When the Heart Sleeps #3

 

 

By Atom Bergstrom

Atom’s Blog

According to Dan Peña (the Bouncing Bionic Billionaire) …

“They can take my heart because I’ve got nothing pumping through it but ice water.”

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“Pumping through it” is an interesting phrase, is it not?

“Pumping through it” versus being “pumped by it.”

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Sir Lauder Brunton, M.D. (Therapeutics of the Circulation, 1908) wrote …

“In addition to these mechanisms, however, we have the pressure upon the veins by the fasciæ of the limbs, and Braune has shown that when the veins are stretched, their capacity is increased, and they suck blood into them.”

According to the same source …

“The veins of the upper limbs are most stretched when the fists are clenched, the hands bent somewhat down, and the arms extended and pushed rather backwards — the very attitude, indeed, that is assumed by a man who has been sitting for a length of time at a writing-table and feels himself cramped in consequence. The veins become relaxed when the leg is bent and turned slightly inwards, whilst the veins become stretched when the foot is turned outwards and the leg extended and pushed somewhat backward. The first of these positions is nearly that assumed by one leg when we advance it for the purpose of walking, and the second when we move the body and other leg forward (Braune-Ludwig’s Festgabe, 1874).”

According to the same source …

“The late Professor Sharpey used to insist a good deal upon the functions of the rotators of the leg, and he pointed out that in books on anatomy the trunk is looked upon as a fixed point, and the rotation is discussed in terms of this; so that we say that the function of the tensor vaginæ femoris is to rotate the leg inwards upon the body, and that of the gluteus maximus to rotate it outwards. In reality, he said, it is the leg which is the fixed point in walking; and the function of these muscles is to rotate the body on the leg, the tensor vaginæ femoris rotating, not the leg inwards, but the body outwards, so as to bring the centre of gravity over the foot. But in view of Braune’s observations these muscles acquire a new value. We speak very frequently of accessory muscles of respiration, but I have not seen anywhere the tensor vaginæ femoris and the gluteus maximus spoken of as accessory muscles of circulation, yet both they and the muscles of the calf and thigh may well deserve such an appellation.”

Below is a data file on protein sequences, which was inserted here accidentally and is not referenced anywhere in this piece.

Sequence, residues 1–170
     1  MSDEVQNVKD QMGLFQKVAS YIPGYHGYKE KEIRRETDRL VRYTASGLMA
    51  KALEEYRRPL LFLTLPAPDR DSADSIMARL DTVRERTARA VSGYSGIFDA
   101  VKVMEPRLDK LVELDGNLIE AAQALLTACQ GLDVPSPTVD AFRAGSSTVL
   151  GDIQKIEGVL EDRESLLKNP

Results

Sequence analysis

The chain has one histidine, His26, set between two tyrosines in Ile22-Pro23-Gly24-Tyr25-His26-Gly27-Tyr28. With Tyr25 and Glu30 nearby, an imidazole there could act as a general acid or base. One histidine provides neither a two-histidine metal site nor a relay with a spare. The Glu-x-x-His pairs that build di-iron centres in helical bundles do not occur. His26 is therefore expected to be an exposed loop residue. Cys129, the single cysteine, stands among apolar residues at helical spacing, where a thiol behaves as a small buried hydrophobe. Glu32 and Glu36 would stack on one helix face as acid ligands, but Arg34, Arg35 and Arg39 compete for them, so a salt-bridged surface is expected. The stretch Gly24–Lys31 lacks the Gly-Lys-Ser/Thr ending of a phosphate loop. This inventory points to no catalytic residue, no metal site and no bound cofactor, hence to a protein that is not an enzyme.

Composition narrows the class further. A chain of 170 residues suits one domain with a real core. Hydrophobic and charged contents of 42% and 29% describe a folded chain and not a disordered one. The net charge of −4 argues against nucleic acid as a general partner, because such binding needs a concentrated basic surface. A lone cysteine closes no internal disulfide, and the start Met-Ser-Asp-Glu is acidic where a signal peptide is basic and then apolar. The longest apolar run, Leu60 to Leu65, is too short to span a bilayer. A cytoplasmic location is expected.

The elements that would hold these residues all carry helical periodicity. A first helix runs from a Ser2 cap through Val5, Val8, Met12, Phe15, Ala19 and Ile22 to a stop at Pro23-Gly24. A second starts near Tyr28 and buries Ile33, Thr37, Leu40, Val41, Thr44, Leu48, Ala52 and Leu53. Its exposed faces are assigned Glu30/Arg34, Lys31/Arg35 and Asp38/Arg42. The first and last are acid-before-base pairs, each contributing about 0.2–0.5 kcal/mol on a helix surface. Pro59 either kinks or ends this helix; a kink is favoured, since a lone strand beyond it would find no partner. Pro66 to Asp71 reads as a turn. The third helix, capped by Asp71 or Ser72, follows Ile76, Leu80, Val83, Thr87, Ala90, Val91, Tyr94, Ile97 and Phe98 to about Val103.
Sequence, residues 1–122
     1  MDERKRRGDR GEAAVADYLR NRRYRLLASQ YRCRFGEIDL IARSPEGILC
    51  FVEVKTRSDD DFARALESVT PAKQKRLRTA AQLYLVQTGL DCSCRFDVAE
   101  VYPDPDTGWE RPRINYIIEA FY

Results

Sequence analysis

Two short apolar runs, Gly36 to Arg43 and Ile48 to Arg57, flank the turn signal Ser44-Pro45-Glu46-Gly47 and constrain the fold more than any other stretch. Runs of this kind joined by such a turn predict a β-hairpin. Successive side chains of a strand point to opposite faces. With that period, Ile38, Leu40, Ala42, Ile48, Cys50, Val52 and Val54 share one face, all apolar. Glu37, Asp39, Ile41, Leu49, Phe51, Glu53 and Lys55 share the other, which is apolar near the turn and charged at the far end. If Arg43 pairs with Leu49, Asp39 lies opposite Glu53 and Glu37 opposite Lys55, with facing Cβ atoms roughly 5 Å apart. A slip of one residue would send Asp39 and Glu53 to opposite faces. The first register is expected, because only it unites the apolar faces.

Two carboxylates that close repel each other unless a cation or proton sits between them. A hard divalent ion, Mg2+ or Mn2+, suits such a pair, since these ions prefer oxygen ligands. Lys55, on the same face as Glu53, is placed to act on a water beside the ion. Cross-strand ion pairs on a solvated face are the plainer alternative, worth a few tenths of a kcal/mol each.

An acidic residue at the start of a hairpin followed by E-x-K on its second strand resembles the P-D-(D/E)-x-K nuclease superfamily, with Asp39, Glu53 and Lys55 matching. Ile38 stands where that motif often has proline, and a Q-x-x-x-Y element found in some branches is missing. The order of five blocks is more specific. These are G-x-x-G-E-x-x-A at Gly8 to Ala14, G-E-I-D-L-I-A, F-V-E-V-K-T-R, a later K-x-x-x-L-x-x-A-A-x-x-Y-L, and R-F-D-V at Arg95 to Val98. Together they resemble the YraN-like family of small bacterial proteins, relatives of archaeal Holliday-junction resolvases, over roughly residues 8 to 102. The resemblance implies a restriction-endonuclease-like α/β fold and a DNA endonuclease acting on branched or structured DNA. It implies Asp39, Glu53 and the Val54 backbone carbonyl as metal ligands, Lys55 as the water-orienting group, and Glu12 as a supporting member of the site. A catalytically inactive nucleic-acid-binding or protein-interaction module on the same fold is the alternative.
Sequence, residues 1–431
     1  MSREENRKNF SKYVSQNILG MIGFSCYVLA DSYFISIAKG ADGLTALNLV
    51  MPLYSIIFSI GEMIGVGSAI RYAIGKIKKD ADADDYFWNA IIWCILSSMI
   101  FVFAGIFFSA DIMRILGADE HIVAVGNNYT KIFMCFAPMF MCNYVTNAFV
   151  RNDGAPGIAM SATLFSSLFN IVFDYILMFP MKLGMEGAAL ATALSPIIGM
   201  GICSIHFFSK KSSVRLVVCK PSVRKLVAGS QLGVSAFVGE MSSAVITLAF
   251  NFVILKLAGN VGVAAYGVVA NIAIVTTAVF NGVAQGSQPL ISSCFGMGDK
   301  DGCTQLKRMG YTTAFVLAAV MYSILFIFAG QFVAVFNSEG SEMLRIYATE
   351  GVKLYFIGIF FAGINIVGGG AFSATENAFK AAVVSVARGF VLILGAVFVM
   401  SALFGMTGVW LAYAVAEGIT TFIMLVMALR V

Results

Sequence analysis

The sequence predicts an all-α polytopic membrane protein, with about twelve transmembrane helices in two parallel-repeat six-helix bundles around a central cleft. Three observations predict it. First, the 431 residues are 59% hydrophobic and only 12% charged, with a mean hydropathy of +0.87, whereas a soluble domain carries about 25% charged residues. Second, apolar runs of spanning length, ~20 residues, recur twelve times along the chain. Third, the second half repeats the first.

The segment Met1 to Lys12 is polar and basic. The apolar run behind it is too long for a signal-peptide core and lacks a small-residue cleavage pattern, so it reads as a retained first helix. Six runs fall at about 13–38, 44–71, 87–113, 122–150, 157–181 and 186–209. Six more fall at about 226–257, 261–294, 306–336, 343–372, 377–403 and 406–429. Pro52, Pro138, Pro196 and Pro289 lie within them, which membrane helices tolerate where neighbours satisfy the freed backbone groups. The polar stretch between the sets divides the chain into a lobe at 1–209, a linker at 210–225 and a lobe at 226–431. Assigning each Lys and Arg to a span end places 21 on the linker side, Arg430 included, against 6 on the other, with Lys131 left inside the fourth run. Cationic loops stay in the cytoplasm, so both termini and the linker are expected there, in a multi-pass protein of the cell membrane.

According to the same source …

“This description of the circulation, however, would be insufficient without a consideration of how the lymph flows, for the circulation of the lymph is quite as necessary as that of the blood itself. Here also the muscles form one of the most efficient sources of motor power. At each relaxation of a muscle it tends to cause a vacuum within its surrounding fascia, into which the lymph flows from the muscular structure. At each contraction the muscle presses this lymph out, and these alternating muscular movements really act as a subsidiary heart, and do away with the necessity of having in mammals the lymph hearts which are seen in the frog.”

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According to Wu Dang Chen (Yun Xiang Tsen) …

“Don’t ever follow your heart. Heart is emotion. Heart is a monkey.”

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So what do you follow? According to Wu Dang Chen …

“Follow your gut.”

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What about the heart? According to Wu Dang Chen …

“Don’t follow the heart. Guide the heart.”
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'When the Heart Sleeps #3' have 5 comments

  1. January 3, 2019 @ 4:06 pm Atom

    According to Adano Ley (Swami Nitty-Gritty) …

    “What your heart is to your body, what your brain is to your body, the Life Stress Point is to your psychic and emotional life.”

    http://www.solartiming.com/

    Reply

  2. January 7, 2019 @ 1:38 pm Kira Miftari

    Atom, where can I read about your sugar experiment? I looked through the recent blog posts and cant find it… thnx!

    Reply

    • January 10, 2019 @ 2:05 pm Atom

      A partial answer to your question is in my latest blog entry — “Sugar Is Today’s Devil” (Jan. 8, 2019).

      I’ll be writing more about sugar in the near future.

      Reply

  3. January 10, 2019 @ 10:16 am John

    Atom,

    What’s up with all the Dan Pena referencing? I do appreciate the guys hard knocks attitude, though my gut tells me that more than 80% of what comes out of that guys mouth is bull crap.

    Reply

    • January 10, 2019 @ 2:08 pm Atom

      80 percent? I agree. According to Rudyard Kipling, “Four-fifths of everybody’s work must be bad. But the remnant is worth the trouble for its own sake.”

      Reply


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